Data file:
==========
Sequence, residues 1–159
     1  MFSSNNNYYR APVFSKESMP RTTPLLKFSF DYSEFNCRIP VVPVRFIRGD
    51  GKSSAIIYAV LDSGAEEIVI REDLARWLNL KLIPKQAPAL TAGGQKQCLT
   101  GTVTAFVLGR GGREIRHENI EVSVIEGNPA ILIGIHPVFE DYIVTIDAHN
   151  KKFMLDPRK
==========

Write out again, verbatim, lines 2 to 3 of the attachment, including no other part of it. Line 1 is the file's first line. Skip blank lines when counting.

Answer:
     1  MFSSNNNYYR APVFSKESMP RTTPLLKFSF DYSEFNCRIP VVPVRFIRGD
    51  GKSSAIIYAV LDSGAEEIVI REDLARWLNL KLIPKQAPAL TAGGQKQCLT